Take the 2-minute tour ×
Stack Overflow is a question and answer site for professional and enthusiast programmers. It's 100% free, no registration required.

I have time data with irregular intervals and I need to convert it to a sparse matrix for use with a graphing library.

The data is currently in the following format:

{
  :series1 => [entry, entry, entry, entry, ...],
  :series2 => [entry, entry, entry, entry, ...]
}

where entry is an object with two properties, timestamp(a unix timestamp) and value(an integer) I need to put it in this format in as close to O(n) time as possible.

{
   timestamp1 => [ value, value, nil ],
   timestamp2 => [ value, nil, value ],
   timestamp3 => [ value, value, value],
   ...
}

Here each row represents a point in time which I have an entry for. Each column represents a series ( a line on a line graph ). Thats why it is very important to represent missing values with nil.

I have some pretty slow implementations but this seems like a problem that has been solved before so I'm hoping that there is a more efficient way to do this.

share|improve this question
    
Do the timestamps in your output need to be in order? –  Nick Barnes Feb 20 '12 at 12:02
    
@NickBarnes yes, I need them in order eventually but I can just sort them after they're merged. –  Greg Guida Feb 20 '12 at 18:01
    
Any kind of sort is going to blow your O(n) requirement. But assuming that's not an issue, I'm having a hard time imagining how you'd create the unsorted version any slower than O(n)... Could you give some idea of what your current solution looks like, so we know what we're aiming to beat? –  Nick Barnes Feb 20 '12 at 20:19
add comment

2 Answers

I'm slightly confused by your asking for O(n), so feel free to correct me, but as far as I can tell, O(n) is easily possible.

First find the length of your starting hash (the number of series in the data). This should be O(1), but no worse than O(S) (where S is no of series), and S <= O(n) (assuming no series with no values) so is still O(n).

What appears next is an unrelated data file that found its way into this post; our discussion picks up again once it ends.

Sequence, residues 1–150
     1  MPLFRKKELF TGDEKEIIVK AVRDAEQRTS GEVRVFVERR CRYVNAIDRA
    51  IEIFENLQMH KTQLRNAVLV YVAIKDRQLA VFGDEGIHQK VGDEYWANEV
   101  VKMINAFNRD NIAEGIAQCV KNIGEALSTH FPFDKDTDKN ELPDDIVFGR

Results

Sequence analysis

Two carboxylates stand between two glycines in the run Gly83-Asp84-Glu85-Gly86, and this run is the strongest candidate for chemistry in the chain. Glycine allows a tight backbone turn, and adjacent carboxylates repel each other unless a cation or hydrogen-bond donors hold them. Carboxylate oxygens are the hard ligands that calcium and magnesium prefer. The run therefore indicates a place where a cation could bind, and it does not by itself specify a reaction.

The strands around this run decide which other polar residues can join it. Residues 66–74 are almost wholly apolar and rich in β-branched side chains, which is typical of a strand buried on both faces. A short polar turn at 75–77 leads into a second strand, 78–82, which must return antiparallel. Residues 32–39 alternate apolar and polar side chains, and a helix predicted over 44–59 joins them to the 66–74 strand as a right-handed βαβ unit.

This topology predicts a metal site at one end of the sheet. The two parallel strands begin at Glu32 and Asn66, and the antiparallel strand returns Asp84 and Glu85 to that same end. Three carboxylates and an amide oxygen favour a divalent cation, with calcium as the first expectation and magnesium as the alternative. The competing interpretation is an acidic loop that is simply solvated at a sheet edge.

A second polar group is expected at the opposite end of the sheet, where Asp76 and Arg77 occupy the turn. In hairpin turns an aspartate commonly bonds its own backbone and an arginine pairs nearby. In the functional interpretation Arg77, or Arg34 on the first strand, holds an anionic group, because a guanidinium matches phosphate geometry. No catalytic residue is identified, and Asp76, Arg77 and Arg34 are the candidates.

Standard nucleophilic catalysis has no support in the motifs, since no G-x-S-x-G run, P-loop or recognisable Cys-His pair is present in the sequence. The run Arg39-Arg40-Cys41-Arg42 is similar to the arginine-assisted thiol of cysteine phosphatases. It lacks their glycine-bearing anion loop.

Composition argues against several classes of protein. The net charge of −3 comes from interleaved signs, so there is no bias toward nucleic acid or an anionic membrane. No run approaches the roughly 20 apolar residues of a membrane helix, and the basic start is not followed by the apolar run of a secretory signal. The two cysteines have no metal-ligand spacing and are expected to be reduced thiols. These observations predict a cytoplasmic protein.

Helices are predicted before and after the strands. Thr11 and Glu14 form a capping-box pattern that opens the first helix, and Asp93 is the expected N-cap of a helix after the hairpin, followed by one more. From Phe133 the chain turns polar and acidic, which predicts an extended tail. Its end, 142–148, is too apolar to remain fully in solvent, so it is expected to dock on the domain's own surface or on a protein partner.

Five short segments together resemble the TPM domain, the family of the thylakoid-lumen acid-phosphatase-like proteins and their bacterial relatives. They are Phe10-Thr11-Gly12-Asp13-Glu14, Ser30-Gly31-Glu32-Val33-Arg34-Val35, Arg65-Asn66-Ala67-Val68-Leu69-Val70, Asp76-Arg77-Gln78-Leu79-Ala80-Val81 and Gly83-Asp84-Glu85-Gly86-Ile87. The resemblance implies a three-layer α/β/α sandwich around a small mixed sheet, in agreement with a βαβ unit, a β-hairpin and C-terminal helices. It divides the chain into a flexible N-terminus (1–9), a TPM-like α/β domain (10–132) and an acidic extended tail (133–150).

Store this length somewhere, and then setup your hash for the sparse matrix to automatically initialise any row to an empty array of this size.

matrix = Hash.new {|hsh,k| hsh[k] = Array.new(S)}

Then simply go through each series, by index. And for each entry, set the appropriate cell in the array to be the right value.

For each entry, this is O(1) (average) for the lookup of the timestamp in the hash, then O(1) for setting the cell in the array. This happens n times, giving you O(n) there.

There will also be the creation of an Array for each row in the matrix. As far as I am aware this is O(1) for one Array, so O(T) (where T is number of timestamps) overall. As we are not creating empty rows where there are no entries with that timestamp, T must be <= n, so this is O(n) as well.

So overall we have O(n) + O(n) + O(n) = O(n). There are probably ways to speed this up in Ruby, but as far as I am aware this is not only close to, but actually O(n).

share|improve this answer
add comment

How about something like this:

num = series.count
timestamps = {}
series.each_with_index do |(k, entries), i|
  entries.each do |entry|
    timestamps[entry.timestamp] ||= Array.new(num)
    timestamps[entry.timestamp][i] = entry.value
  end
end

Not sure though about the initial ordering of your series, I guess your real situation is a bit more complex than presented in the question.

share|improve this answer
add comment

Your Answer

 
discard

By posting your answer, you agree to the privacy policy and terms of service.

Not the answer you're looking for? Browse other questions tagged or ask your own question.